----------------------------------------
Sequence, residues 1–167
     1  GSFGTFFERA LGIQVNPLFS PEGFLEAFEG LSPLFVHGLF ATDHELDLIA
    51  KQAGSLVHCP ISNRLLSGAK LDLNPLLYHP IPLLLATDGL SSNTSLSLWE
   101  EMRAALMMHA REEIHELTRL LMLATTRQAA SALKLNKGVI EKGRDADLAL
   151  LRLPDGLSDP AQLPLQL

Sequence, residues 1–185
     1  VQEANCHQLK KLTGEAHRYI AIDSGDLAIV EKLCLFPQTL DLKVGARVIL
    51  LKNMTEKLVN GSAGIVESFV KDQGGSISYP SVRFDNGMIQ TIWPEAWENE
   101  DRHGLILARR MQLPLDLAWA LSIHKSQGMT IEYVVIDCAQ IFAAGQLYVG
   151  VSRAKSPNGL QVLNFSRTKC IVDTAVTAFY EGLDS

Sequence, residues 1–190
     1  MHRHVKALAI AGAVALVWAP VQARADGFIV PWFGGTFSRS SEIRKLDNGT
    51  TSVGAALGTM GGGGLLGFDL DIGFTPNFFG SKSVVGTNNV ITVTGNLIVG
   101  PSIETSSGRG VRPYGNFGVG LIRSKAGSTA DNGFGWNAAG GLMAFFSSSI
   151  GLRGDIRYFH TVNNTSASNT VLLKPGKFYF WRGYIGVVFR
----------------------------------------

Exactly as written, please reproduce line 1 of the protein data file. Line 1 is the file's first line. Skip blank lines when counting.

Sequence, residues 1–167